Go outside for journey | Life & Arts


Beginners or not, Aggies looking for adventure can get started with Outdoor Adventures at Texas A&M’s Student Recreation Center.

A&M’s Outdoor Adventures offers skill clinics, equipment and organized trips to bring people closer to the great outdoors. Fly fishing, rock climbing and kayaking classes begin September 18 and pre-registration is required at recconnect.tamu.edu. From beginner to advanced, all clinics, rentals and excursions are open to students, faculty, staff and the general public. Fees range from $21 to $40, according to their website.

Skill classes are held at the West Campus Recreation Center, while day trips and extended trips to San Marcos, Dripping Springs and even out-of-state backpacking trips are planned for the fall, said Cameron Fuentes, tour director for the A&M-run Recreational Sports program, a division of the student affairs.

“Our main programs are the indoor climbing facility, the bouldering walls and the rental centers,” said Fuentes. “We also have trips and clinics, which is a third leg of our program.”

No prior experience is required for a clinic or travel, Fuentes said. Specialized clinics for beginners are offered for rock climbing and kayak paddling. Excursions and clinics for more experienced adventurers are also offered, and anyone can rent the gear they need, she said.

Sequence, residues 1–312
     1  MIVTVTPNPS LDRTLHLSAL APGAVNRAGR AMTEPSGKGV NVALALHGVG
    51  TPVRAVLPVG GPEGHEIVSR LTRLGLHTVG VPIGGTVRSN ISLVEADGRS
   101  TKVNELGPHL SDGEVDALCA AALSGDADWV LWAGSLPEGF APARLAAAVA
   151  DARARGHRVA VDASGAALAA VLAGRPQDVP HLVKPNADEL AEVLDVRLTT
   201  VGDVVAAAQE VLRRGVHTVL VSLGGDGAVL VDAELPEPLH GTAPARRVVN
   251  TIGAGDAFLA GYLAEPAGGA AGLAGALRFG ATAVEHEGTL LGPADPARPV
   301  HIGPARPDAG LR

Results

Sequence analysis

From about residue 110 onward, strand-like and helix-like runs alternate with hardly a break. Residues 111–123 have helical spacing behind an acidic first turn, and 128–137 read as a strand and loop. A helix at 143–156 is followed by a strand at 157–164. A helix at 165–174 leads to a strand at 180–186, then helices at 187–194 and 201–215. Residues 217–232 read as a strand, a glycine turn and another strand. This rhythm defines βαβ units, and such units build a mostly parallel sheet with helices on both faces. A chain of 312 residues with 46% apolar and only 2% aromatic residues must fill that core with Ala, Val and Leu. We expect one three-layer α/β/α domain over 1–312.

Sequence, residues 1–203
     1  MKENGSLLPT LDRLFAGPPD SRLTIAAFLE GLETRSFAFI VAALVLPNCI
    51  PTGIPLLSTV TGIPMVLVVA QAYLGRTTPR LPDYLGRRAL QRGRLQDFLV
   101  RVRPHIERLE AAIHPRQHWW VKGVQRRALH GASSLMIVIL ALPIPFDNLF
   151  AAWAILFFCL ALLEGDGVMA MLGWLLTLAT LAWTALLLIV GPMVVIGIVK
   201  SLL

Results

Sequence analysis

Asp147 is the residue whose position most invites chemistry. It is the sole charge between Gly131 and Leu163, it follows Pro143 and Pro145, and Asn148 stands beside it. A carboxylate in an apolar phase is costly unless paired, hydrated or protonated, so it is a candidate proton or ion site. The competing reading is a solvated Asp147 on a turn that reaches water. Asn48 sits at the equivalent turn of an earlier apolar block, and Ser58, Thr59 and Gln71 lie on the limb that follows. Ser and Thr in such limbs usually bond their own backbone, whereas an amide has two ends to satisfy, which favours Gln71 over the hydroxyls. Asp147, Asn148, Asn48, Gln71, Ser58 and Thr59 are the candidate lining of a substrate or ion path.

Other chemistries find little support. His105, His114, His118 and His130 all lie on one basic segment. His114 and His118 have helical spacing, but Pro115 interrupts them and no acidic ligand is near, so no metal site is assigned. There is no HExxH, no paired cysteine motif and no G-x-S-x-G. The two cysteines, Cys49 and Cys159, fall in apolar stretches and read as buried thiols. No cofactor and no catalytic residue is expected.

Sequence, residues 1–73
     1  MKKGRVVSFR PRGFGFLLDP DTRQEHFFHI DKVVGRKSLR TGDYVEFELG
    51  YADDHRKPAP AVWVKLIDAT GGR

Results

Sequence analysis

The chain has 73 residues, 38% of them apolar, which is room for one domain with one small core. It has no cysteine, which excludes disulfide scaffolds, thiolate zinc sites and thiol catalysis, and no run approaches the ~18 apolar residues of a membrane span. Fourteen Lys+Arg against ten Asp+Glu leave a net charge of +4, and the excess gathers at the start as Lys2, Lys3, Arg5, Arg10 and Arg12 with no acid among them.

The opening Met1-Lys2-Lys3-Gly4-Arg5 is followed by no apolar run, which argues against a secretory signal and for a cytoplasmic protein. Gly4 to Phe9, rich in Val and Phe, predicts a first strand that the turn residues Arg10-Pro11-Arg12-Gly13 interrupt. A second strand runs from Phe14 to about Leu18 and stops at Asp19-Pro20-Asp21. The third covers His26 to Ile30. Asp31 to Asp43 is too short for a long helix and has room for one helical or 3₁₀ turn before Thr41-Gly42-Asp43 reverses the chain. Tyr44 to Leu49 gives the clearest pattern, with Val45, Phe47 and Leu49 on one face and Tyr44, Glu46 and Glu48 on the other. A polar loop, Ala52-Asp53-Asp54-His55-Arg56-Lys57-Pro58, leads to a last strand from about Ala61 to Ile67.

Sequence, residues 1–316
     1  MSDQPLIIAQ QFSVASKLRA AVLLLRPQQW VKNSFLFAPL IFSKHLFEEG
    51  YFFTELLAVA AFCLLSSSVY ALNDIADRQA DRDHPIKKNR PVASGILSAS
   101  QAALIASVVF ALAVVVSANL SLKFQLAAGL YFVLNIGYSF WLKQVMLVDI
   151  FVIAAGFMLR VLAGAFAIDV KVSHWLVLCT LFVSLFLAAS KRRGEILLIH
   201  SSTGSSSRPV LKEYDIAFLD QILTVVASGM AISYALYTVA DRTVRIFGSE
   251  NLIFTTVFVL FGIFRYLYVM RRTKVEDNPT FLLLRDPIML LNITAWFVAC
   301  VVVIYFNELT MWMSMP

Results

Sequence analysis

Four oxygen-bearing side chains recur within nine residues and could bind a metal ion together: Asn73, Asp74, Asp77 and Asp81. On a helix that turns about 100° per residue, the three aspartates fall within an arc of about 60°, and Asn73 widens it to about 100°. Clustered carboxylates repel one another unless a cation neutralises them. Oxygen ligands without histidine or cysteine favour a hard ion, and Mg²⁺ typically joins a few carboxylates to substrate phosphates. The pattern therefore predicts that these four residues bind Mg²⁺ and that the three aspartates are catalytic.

“We have a backpacking program for beginners,” Fuentes said. “The expectation is that no one has ever backpacked before, so we’ll cover from start to finish.”

The Outdoor Adventures program hosts several weekly classes each semester to give students a break from books and make the outdoors more accessible, Fuentes said.

“We have about 15 trips around climbing, paddling, hiking and camping,” Fuentes said. “We have a wet-water kayaking clinic, a kayaking fundamentals clinic, or a fly-fishing clinic.”

Rock climbing trips to Reimers Ranch near Austin will be held this semester, along with paddle boarding on the San Marcos River and an introduction to backpacking planned for Lake Georgetown in Arkansas, Fuentes said.

“We do things locally, and then we also do things that are in Texas, and then we also do an out-of-state program,” Fuentes said.

Outdoor Adventure was created to bring people one step closer to nature through new experiences and adventures. A&M’s program has been recognized nationally for program quality and innovation, according to recsports.tamu.edu, with more than 50,000 students, campus and community members utilizing the programs each year.

“It’s a lot more accessible to get involved with nature than we think,” Fuentes said. “We want a lot [participants] takeaways like the accessibility of nature, the community that creates outdoor recreation, and outdoor development.”